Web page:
The pace was really easy, with lots of stops between the start and the watering hole, which is where we found a number of Komodo Dragons. This is what made the hike through the heat and humidity worth it.
We spent about 20 minute at the watering hole, where they had a line drawn in the dirt and we were asked not to cross inside the line. The camera shutter certainly got a serious workout during our stop at the watering hole.
The one shown above was the first one we spotted and he was posing for the cameras, turning his head from 1 side to the other. Wanted to ensure everyone got a photo of his best side.
Believe I had over 200 photos, but managed to pare them down somewhat. Enjoy a selection of my Komodo Dragon photos.
Just before we headed out, an inquisitive baby arrived on scene, who got rather close, so required some intervention from the handlers.
The handler gently placed the fork around its neck and guided it away from the people.
The baby turned around and wandered off towards the watering hole.
Once group 5 arrived we departed the watering hole to continue our exploration of the island. Sadly, those were the only dragons we saw.
Our guide Paul showing us one of the many heaps of dirt, which is the nest. The eggs are laid and protected by the mother for about 2 months and then she leaves them. She returns just before they hatch and if she catches the babies, may eat them. The babies receive no parental guidance or protection, so must fend for themselves by climbing a tree.
A short distance later the guide stopped and advised we were about to complete a loop with incline and rough track. Anyone needing a break could stop and were protected by 1 handler, who stayed behind. Judi took a break, while I trudged onwards and upwards.
The additional loop took about 25 minutes and upon returning to the rest stop, we picked up the rest of our group and headed for the exit. This time they set a faster pace without stops, so Judi started lagging behind the group. I stayed with Judi, as did one of the handlers, armed with his stick. We took a slow, steady pace arriving at the beach when the group was ready to head to the exit.
The path out of the jungle lead to the beach, where we spotted the above herd of deer.
At the exit, they have it set up where you must run the gauntlet of local vendors, on both sides, flogging local wares & “Made in China” trinkets. Some of them can be rather pushy. We continued on, finding a seat for Judi over by the cruise staff, who provided some additional bottles of chilled water. Once Judi cooled down, we headed out the pier to the tender, for the short hop back to the magnificent and air conditioned Viking Sun.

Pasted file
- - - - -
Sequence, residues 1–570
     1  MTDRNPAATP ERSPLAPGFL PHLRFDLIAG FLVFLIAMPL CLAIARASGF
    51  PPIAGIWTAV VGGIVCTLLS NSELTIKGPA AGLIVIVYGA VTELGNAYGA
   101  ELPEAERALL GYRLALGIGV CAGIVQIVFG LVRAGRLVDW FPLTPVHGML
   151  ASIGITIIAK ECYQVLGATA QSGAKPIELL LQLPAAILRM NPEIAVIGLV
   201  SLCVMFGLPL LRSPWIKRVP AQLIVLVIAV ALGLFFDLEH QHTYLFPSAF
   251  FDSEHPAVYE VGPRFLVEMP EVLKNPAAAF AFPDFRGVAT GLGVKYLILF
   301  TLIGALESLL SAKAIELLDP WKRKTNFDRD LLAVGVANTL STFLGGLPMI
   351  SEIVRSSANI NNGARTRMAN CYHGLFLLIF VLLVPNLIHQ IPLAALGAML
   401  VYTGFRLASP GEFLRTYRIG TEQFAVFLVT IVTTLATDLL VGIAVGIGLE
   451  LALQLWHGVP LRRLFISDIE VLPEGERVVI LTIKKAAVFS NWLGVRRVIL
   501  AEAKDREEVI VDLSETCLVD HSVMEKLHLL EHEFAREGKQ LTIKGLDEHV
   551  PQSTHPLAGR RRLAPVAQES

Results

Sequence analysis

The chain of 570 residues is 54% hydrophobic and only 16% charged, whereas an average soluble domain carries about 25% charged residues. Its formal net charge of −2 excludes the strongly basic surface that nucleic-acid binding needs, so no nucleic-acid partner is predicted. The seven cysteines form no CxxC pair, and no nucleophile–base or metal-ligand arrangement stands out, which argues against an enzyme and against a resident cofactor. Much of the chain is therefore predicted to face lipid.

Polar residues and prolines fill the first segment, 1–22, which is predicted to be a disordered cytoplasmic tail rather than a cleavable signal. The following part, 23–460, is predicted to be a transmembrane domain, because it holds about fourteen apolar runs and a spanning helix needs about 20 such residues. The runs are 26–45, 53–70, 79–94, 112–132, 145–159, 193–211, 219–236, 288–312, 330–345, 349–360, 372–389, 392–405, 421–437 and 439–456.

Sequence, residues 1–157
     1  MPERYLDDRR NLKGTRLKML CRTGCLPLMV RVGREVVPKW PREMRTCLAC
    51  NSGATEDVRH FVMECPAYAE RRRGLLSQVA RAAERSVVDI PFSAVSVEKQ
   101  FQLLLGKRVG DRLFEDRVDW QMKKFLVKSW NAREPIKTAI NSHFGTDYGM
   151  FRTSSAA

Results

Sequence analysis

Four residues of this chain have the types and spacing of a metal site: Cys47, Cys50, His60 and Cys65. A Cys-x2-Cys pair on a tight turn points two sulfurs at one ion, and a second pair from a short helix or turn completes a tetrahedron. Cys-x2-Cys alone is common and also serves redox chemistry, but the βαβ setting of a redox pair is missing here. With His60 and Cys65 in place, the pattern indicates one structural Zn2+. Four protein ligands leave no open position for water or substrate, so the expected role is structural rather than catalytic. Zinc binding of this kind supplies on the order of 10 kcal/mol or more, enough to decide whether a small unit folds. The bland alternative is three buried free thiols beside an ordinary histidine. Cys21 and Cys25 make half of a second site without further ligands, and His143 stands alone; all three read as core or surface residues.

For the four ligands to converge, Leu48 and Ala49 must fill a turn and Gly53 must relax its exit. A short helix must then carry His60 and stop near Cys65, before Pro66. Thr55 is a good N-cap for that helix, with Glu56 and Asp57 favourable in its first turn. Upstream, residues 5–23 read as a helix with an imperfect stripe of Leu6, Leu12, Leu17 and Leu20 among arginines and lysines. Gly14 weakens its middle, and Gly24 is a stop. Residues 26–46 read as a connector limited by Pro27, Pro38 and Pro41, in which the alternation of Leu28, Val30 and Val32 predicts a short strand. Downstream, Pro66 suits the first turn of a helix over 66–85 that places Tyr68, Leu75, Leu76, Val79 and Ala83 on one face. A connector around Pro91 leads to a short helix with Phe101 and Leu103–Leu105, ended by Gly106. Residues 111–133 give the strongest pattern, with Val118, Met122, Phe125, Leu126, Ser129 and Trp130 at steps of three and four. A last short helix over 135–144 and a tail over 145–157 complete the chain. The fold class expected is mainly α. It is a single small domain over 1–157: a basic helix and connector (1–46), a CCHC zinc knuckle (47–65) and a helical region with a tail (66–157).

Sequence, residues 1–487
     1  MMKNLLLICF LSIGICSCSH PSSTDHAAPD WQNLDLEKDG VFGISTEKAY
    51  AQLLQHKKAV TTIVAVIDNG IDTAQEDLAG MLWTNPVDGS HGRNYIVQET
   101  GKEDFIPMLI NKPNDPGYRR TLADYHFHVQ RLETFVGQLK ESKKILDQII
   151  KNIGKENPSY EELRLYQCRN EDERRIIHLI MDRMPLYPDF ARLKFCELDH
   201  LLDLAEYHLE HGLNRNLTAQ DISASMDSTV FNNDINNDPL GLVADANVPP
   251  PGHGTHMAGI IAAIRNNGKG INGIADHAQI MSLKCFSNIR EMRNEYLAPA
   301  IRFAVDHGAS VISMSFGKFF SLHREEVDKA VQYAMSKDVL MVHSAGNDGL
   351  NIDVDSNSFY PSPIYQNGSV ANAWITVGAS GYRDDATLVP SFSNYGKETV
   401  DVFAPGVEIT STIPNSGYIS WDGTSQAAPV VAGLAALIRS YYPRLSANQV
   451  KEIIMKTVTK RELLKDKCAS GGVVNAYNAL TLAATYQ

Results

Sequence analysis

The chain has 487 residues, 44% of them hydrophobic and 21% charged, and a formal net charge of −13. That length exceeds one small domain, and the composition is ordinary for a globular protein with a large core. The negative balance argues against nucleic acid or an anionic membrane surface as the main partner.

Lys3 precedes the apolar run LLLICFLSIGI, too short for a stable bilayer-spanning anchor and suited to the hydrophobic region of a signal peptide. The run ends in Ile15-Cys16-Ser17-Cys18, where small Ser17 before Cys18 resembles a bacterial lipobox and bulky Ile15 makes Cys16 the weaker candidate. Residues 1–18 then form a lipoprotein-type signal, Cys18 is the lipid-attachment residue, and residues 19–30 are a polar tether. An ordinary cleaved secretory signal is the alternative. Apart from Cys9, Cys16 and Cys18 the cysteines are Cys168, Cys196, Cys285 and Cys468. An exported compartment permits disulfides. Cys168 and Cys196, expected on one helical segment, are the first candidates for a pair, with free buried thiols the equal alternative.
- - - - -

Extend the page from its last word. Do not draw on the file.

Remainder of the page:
Without any doubt, in the heat and humidity in the early afternoon, this can be a tough tour, but seeing the dragons made our day. Yes, we could have walked to the watering hole, snapped a few photos and then returned directly, but we would have missed the ambiance of the jungle and the associated sights and sounds. All in all, a great day.
Returning to the cabin, all clothing was soaked, so lots of extra water (gaterade) and showers were required before dinner.
After dinner, Judi headed to the cabin, while I went to the Theatre for “Journeys in Music”. The National Symphony Orchestra performed at London’s Cadogan Hall, specifically for Viking Cruises. The performance was video recorded and is shown on all ships of the Viking Fleet. I survived an hour, then headed back to the cabin.
Looks like a great excursion and wonderful pics!
Your pictures of the dragons where wonderful , much better than the ones I took during the 1st VWC ! The weather we encountered was very similar to yours . Hot and terribly humid ! The tour guides offered a short and long walks . The guides told us to take the short walk and guaranteed us all the dragons we wanted to see without the humidity. We took the short route ! I take my hat of to Judi, for making it all the way around . The only place we experienced heat and humidity was when we toured both Cambodia and Egypt but I wouldn’t have missed it for anything!
I have been following you since day 1 here and on CC. Thank you so much for your comprehensive reporting. Most enjoyable. We hope to catch up with you in Mumbai.
Kathryn and Tom Hamilton
Hi Kathryn & Tom – Thanks for the comment. See you at the Meet & Greet after you board.
Great dragon photos!!! The walk was worth it for us, too. Worst part was walking through all of the vendors😁😁
Totally agree. Judi was so tired she just wanted to sit down.
Andrew, Your tour of Kimodo Island was more extensive than the one I did many years ago. The tour only covered the walk through the jungle , although I saw many more Dragons than you and Judy. Horrible looking monsters within about 30 feet away from the group with the guide only armed with his stick with the fork at the end. Watched a programme on TV fairly recently of the Australian fellow ,whose name I cannot remember, sitting alongside a small group of Komodos, quite frightening to watch. Dad
Thanks Dad – yes, we only saw them at the watering hole. The Australian was probably Steve Irwin